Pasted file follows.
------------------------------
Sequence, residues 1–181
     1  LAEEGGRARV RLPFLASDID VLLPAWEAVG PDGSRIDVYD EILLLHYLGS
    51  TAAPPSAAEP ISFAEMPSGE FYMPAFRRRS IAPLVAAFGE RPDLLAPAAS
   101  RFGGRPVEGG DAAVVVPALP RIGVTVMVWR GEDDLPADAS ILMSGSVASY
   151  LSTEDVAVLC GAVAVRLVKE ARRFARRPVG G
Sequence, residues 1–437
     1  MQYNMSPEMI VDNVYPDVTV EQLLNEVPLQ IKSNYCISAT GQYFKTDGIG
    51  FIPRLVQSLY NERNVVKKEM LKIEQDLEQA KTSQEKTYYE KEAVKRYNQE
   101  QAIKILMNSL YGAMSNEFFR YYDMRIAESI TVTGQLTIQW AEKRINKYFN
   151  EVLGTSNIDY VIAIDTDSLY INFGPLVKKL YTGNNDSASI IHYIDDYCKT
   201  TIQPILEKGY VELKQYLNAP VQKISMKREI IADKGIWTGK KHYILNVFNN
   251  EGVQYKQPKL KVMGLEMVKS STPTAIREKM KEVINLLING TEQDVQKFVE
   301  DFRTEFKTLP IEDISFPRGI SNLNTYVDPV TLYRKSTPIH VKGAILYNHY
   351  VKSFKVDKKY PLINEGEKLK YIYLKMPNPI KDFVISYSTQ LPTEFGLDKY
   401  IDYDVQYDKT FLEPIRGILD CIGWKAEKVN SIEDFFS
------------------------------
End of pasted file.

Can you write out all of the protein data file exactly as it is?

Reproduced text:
Sequence, residues 1–181
     1  LAEEGGRARV RLPFLASDID VLLPAWEAVG PDGSRIDVYD EILLLHYLGS
    51  TAAPPSAAEP ISFAEMPSGE FYMPAFRRRS IAPLVAAFGE RPDLLAPAAS
   101  RFGGRPVEGG DAAVVVPALP RIGVTVMVWR GEDDLPADAS ILMSGSVASY
   151  LSTEDVAVLC GAVAVRLVKE ARRFARRPVG G
Sequence, residues 1–437
     1  MQYNMSPEMI VDNVYPDVTV EQLLNEVPLQ IKSNYCISAT GQYFKTDGIG
    51  FIPRLVQSLY NERNVVKKEM LKIEQDLEQA KTSQEKTYYE KEAVKRYNQE
   101  QAIKILMNSL YGAMSNEFFR YYDMRIAESI TVTGQLTIQW AEKRINKYFN
   151  EVLGTSNIDY VIAIDTDSLY INFGPLVKKL YTGNNDSASI IHYIDDYCKT
   201  TIQPILEKGY VELKQYLNAP VQKISMKREI IADKGIWTGK KHYILNVFNN
   251  EGVQYKQPKL KVMGLEMVKS STPTAIREKM KEVINLLING TEQDVQKFVE
   301  DFRTEFKTLP IEDISFPRGI SNLNTYVDPV TLYRKSTPIH VKGAILYNHY
   351  VKSFKVDKKY PLINEGEKLK YIYLKMPNPI KDFVISYSTQ LPTEFGLDKY
   401  IDYDVQYDKT FLEPIRGILD CIGWKAEKVN SIEDFFS